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Garden Tool Care and Maintenance
Everyone knows that garden tool care should be done regularly. But very few do it. Among those that do it, few do it right. What is the right way to care for your tools? How often should you do tool maintenance? What jobs can you do by yourself and which ones you should ask the pros to do? You will find all these as you read on.
It begins with proper use
This is the first lesson to learn about garden tool care. But most gardeners ignore this point. Using a tool according to the manufacturerï¿½s direction is the best thing you can do for your tool. For example, there is a maximum length of time recommended that you run your lawnmower for after which it must be allowed to rest for a while. But many people ignore that advice, and then later complain that their lawnmower broke down too soon.
Manufacturers test their products before they are sold and they know the conditions under which their tools will work best. Trust them and heed their advice. It will also ensure your safety when using those tools. Tools not used in the proper way expose you to the risks of accidents.
So far we can summarize garden tool care this way:- Use the tools for the specified jobs and in the specified ways. Adhere to safety precautions, and avoid handling your tools roughly.
Care of the tool after you’ve used it
Even the most expensive highest quality tools will soon become useless if not adequately cared for. Regular tool care and maintenance don’t have to be fanciful or sophisticated. It just needs to provide the desired results. In this case, the desired result is safe tools that are in good working conditions. Some simple tasks that are often overlooked can yield great benefits for you if you just do them. Here are some you can do.
1. The first and most important thing you can do is to read your tool manual very well. In it you will find out how to get the best out of your tools, what to do when problems arise and how often you should carry out tune-ups. Yet it’s sad to note that people often fail to read it. They prefer to jump right ahead and start using the garden tool. The manual only comes out when it’s time for troubleshooting. A few minutes spent reading will turn out to be a great investment.
Garden tool care can’t be done effectively without reading the manual
2. Clean your tools after each use. I’m not saying you should scrub with soap and water. Cleaning with a piece of cloth or a dry brush is ok for most tools. Give special attention to the working ends of the tools.
3. Garden tool care involves storing your tools properly. This includes preparing them for the short-term (to be used tomorrow or next week) or long-term (to be used next season) storage, using appropriate storing methods, keeping them dry, storing them in the right place…learn more about the garden tool storage.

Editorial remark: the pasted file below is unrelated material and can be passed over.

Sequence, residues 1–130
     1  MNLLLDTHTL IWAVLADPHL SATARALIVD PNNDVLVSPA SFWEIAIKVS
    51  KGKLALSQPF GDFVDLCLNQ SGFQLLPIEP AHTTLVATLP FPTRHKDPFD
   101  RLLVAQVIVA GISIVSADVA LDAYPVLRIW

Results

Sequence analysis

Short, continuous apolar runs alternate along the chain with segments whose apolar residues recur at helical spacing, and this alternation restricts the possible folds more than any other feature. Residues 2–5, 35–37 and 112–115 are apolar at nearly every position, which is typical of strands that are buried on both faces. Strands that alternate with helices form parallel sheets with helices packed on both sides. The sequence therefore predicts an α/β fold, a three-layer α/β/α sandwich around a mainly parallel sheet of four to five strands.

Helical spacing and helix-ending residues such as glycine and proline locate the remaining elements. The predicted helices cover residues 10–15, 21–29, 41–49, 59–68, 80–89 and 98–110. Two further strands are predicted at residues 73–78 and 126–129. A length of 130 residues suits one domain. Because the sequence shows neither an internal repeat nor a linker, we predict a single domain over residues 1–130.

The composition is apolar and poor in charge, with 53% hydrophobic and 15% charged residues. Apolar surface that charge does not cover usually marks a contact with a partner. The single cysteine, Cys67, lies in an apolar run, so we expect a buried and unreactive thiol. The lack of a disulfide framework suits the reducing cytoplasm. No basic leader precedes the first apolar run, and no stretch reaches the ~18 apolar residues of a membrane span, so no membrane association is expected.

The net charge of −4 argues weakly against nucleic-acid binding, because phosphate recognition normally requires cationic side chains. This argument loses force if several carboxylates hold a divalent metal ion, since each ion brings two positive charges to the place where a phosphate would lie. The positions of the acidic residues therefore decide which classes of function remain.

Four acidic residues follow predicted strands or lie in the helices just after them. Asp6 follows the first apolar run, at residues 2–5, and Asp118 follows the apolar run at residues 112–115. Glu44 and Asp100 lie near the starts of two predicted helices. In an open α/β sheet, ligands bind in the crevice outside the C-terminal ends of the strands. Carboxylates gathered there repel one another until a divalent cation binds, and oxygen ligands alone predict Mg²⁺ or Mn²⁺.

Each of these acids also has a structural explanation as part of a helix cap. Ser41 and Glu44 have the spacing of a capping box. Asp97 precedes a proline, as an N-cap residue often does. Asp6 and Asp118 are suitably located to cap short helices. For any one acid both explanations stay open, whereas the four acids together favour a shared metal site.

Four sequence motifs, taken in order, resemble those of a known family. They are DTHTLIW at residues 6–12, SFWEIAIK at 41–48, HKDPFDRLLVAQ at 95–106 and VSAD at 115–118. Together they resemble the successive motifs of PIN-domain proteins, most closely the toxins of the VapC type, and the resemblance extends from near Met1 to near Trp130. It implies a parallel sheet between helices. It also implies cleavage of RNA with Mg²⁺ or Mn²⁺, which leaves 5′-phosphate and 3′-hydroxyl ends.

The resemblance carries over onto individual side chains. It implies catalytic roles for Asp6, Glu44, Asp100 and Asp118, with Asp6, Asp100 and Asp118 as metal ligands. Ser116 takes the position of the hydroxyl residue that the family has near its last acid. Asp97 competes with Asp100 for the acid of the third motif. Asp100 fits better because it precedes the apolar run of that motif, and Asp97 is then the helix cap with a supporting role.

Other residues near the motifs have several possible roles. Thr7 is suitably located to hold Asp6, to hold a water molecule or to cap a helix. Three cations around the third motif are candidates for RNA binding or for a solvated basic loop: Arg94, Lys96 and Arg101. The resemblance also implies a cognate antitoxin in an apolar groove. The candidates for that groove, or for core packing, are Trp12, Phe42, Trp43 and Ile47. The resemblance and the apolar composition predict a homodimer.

4. Make sure tools are in proper working condition before each use. Blades and working edges should be sharp while handles and replaceable parts are firmly attached. The experience will teach you that less physical force is needed when a blade is sharp than when it’s blunt. This tells on the tool in the long run.
5. Perform regular tune-ups and maintenance for all your tools especially the powered tools. To help you keep track and not forget, you can keep a maintenance schedule. This is a list of all your tools that need regular maintenance and the scheduled times for the maintenance and what tasks need to be done. Whenever any maintenance appointment is kept you tick off the list and the tasks that were done. That way you have a quick reference of what has been done and what needs to be done. Many lawn mower manufacturers offer maintenance schedules that you can download for free at their websites.
When you should call in the professionals
We live in the do-it-yourself generation. All we look for is a manual and off we go. People will even buy a “Go to the moon yourself” book if it was available. Doing things yourself, especially as a gardener is a great asset and I’m in no way discouraging that healthy practice. All I want to point out in this section is we should know when to draw the line. Know when to call the pros to take over garden tool care and maintenance.
1. Very Technical maintenance jobs –
There are some tasks that you lack the training for and no do-it-yourself book will make you do it as well as the professionals. E.g. A lawn mower needs regular servicing at a lawnmower service shop. A few times you can get some success trying out some of the tasks at home. But most of the time, you will not be able to do some of the highly technical stuff like engine repair. You can try to learn but I doubt if the investment of time and money is worth the benefits.
2. Dangerous jobs –
If a particular task is dangerous. It’s better to call the professionals. A common example is blade sharpening. Some blades can be sharpened easily at home if you have the appropriate kits but there are some that are not possible to do at home. A simple rule of thumb to follow is “If there’s no appropriate kit that makes it safe to do, call the pros.”
3. When the manual says so –
There are some tasks that manufacturers clearly state should be done by people properly trained and should not be attempted at home. Trust them and obey them. It’s for your own safety. It’s also to protect the guarantee given on a tool. If you go around tampering with a tool and anything happens to it before the guarantee period expires, you will not be able to get compensation.
A final point I will like you to
note is that garden tool care requires consistency to reap the full